Answer: Probably a refreshing white wine of lower alcohol from the Savoie region in France. Jacquere is the most planted grape variety there. It delivers light wines from higher yields showing fresh acidity from mountainous marl & limestone soils that are becoming popular – either as pure varietals or increasingly blended with other grapes to provide more flavour interest. Lovely aperitif or when paired with their melted cheese dish of Fondue Savoyarde. Also being utilized more recently in their newer Cremant de Savoie appellation.

You might also like:


June 8th, 2020

Another educational week of wine webinars with considerable focus on California insights. Elaine Chukan Brown explored some interesting Zins from Lodi AVA with Tegan Passalacqua (Turley wines) explaining how generally vineyards on the east side have red fruit brightness with finesse of more minerals compared to the west side darker style of broader earthy characteristics. Vinous Live had two fascinating sessions on emerging wine districts. Firstly relatively unknown Moon Mountain in the Mayacamas mountains on the Sonoma side led by pioneer consultant Phil Coturri (Simons & Valley House), plus principals from B Wise, Silver Cloud, Lasseter Trinity Ridge, Moon Mountain (formerly Glen Ellen) and Kamen. Secondly the Araujo family of Bart, Daphne, Jaime, and Greg who sold in 2013 to Francois Pinault (Ch. Latour, Ch. Grillet, and Dom. d’Eugenie) but are back up running with several projects looking for more structure in the wines including rugged Upper Range not in an AVA but planted in 1990 off the Silverado Trail up behind Caymus west of Pritchard Hill.

On June 4, 2020 the Napa Wine Academy by Peter Marks MW presented a useful basic overview of the cabernet sauvignon grape variety especially in detail on the 3 main wine growing regions in California but with comparisons of the expression from around the world. A brief summary of some of their points made include:

CABERNET SAUVIGNON (CS): Smaller size berries with thick skins high phenolics that generally needs a warmer climate to ripen. Ranges from cooler green bell pepper red currants to riper black currant, black cherry herbal notes (including jammy when over-ripe). Canopy protection from the sun and appropriate soils like well drained gravel important. Develop cigar box, tobacco, mushrooms, leather, earth forest floor.

NAPA: Long history – Detailed explanation of now 16 AVAs with CS 51.9% but 70% by value averaging $8000/Ton. 33 soil types. Consistent. From round & supple on the valley floor to powerful rich blackberry cherry plum balanced styles.

SONOMA: Diverse with 60+ varieties with 85% family owned over 17-18 AVAs. 12,628 acres of CS mostly valley floor but creeping up the hillsides. Cooler influenced by Pacific Ocean fogs and breezes. More rain than Napa and more vintage variation. Soils vary. Alexander Valley higher elevation picking 2 weeks later balanced blackberry aromas supple tannins broad softer style & Knights Valley most remote powerful fleshy with nuanced complexity.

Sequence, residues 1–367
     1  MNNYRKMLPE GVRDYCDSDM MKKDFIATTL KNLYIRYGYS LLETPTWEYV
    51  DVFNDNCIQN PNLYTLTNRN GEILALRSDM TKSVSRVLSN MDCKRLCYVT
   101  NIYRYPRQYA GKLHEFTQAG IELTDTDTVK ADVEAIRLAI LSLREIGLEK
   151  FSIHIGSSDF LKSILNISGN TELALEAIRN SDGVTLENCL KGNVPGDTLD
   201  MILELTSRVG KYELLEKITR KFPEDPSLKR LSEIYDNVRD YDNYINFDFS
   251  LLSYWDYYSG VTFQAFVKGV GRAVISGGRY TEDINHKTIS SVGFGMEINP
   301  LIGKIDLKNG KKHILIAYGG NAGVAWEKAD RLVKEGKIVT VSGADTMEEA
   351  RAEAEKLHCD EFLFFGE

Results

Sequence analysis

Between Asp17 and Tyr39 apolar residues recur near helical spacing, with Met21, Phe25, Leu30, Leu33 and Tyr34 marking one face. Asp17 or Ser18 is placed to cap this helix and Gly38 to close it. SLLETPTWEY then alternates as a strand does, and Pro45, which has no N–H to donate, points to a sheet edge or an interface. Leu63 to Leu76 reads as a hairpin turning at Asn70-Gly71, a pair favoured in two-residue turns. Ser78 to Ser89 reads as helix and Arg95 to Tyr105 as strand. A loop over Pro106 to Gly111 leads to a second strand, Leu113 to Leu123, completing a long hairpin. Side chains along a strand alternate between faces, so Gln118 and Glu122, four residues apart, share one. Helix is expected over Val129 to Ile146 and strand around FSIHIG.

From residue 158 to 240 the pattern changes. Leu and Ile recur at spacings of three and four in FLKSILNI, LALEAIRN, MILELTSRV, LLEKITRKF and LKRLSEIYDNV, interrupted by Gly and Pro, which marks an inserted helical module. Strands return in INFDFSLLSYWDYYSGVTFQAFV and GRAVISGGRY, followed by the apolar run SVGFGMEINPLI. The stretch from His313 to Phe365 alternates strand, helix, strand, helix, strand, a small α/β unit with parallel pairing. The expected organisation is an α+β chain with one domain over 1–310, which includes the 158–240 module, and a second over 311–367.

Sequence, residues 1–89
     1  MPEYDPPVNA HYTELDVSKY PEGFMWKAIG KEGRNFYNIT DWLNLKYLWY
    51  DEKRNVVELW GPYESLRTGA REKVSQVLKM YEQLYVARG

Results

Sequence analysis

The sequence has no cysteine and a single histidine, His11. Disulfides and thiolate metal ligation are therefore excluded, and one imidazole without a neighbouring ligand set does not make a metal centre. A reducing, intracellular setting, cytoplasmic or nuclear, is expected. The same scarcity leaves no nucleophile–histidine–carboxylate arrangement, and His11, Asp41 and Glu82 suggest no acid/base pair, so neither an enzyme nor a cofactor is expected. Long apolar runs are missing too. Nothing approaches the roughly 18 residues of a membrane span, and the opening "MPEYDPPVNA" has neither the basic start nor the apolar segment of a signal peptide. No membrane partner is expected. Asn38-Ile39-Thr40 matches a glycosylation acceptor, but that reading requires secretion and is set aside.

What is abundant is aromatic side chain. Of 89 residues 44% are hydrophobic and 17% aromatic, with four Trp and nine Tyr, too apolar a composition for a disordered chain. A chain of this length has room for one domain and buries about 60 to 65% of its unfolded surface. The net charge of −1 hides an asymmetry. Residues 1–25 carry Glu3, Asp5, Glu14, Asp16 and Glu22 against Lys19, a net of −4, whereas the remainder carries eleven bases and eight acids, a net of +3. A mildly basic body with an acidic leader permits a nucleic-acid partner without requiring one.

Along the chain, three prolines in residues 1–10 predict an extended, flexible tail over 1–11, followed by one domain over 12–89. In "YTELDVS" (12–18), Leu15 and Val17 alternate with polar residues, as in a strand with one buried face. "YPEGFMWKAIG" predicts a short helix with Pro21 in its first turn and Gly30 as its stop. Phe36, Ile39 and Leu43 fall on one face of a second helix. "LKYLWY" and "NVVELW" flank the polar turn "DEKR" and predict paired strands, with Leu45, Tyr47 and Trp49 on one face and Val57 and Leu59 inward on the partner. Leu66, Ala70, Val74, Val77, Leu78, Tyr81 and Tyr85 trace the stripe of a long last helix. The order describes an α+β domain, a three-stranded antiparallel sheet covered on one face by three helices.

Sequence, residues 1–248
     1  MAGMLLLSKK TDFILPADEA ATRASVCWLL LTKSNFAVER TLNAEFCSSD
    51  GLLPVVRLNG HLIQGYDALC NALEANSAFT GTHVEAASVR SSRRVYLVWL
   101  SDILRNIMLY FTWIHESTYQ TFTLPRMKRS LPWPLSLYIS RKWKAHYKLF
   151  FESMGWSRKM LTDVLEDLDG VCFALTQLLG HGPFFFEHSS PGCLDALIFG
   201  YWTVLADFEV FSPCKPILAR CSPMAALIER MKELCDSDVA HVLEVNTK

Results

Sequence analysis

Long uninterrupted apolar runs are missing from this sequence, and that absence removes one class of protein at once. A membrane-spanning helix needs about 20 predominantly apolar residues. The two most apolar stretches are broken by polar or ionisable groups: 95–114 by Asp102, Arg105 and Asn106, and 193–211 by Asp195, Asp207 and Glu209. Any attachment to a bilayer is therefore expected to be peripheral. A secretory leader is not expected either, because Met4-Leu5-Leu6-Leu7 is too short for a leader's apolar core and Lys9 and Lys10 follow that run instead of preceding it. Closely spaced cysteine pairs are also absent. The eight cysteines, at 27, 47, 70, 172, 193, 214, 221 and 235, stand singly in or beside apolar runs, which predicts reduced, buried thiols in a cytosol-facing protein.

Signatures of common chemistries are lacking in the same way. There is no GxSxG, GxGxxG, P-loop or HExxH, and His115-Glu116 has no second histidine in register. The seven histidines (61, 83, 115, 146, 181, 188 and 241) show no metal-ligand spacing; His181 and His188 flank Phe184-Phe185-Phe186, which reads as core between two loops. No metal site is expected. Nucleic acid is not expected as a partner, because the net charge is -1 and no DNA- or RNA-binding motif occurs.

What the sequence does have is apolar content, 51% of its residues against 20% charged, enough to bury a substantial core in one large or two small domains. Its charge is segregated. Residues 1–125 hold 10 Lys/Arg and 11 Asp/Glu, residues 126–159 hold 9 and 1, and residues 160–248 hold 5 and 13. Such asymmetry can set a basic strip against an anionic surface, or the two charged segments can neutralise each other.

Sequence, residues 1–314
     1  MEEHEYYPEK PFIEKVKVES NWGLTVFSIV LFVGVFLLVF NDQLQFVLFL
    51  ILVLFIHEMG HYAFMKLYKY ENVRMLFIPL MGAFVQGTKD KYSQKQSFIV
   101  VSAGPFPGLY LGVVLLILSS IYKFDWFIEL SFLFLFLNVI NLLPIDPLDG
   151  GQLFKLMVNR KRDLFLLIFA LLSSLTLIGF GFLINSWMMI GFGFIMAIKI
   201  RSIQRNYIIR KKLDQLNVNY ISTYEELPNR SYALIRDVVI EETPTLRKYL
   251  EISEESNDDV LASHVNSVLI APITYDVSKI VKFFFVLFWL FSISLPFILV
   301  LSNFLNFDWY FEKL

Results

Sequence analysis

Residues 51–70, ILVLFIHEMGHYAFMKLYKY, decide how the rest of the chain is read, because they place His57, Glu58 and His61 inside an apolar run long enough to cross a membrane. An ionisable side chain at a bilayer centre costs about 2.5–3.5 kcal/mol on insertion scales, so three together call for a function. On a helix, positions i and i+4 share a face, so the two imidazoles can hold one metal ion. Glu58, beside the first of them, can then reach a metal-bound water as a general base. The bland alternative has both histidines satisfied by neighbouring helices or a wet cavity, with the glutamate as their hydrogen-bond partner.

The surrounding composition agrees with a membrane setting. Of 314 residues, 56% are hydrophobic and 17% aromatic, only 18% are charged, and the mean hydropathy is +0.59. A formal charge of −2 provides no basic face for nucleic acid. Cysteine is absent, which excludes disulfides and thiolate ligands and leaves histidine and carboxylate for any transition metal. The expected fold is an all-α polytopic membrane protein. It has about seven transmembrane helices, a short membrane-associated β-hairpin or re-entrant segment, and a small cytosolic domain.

PASO ROBLES: First AVA in 1983 and 3 times larger than Napa known for Zin. 200+ wineries now mostly family owned with 49% CS. Distinct micro-climates and wide diurnal swings in temperatures. 30 soil types with granite and more shale calcareous clay in the west allowing dry farming. East side of the 101 warmer with west side steeper hillsides longer hang time resulting in concentrated riper softer tannins and warming alcohol. Are now getting more elegant style of CS.

WASHINGTON STATE: History with 14 AVAs over 70 varieties. Northerly shorter season but 16 hours sunlight in summer compared to 15 in Napa. Lots of own rootstocks. Describe style as purple high alcohol acidity with firm tannins not fully mature resulting in dark earthy cassis, chocolate mint, herbs, less elegant more foursquare vs. Napa. Expect global climate change.

BORDEAUX: CS Left Bank & Merlot Right Bank. Some expensive classified growths but average Bordeaux bottle price under $7. Maritime climate (vs Napa Mediterranean) cold wet Winters, Spring frosts, hot humid Summers. Wide vintage variation. Soils high gravel on the Left Bank suits CS with sun reflecting. High tannins angular earthy some brett more acidty black currants with licorce and tobacco. Blends with cab franc providing violet perfumes and petiti verdot spice.

ITALY: Tuscany Super Tuscans with CS adding richness to acidic Sangiovese. Bolgheri sand clay and rocky alluvial. Maremma much warmer clay & sand with loam & clay limestone multi sized pebbles. Deep colour balanced but softer acidity ripe cherry black currant oaky earthy tobacco clove delicious young but capable of aging.

CHILE: No phylloxera. 32% CS from 800 wineries (80% controlled by 4 of them). Climate more east to west with coastal to mountains. Healthy fruit exuberant cherry plum menthol medicinal mocha vanilla baking spices often over-oaked getting better.

ARGENTINA: Altitude often 3000 feet but up to 10000 in Salta. Low rainfall needing irrigation by snow melt & drip. CS third most behind Malbec & Bonarda (Charbono in California). Often high pH & lower acidity dark fruits intense, voluptuous, sweet vanilla from new oak (not tobacco) fleshy approachable. Do they age?

AUSTRALIA: Coonawarra 55% CS terra rossa soils iron oxide clay Maritime cold winter frosts. European structure usually 100% CS variety rich tannins crisp acidity dark sweet fruits eucalyptus mint austere. Margaret River 47% CS granite gravel schist Mediterranean old vines innovative vineyard management machine harvest irrigation required no phylloxera. Old world blends perfumed and elegant fine tannins more Bordeaux-like red currant restrained cassis tobacco mint.

NEW ZEALAND: 800 acres. Gimblett Gravels area of Hawkes Bay red & black fruits with power and elegance spice and tomato leaf.

SOUTH AFRICA: Stellenbosch & Paarl. Cape blends with one foot in old world and one in new world. Distinctive iodine South Africa character of CS.

You might also like:
Skip to toolbar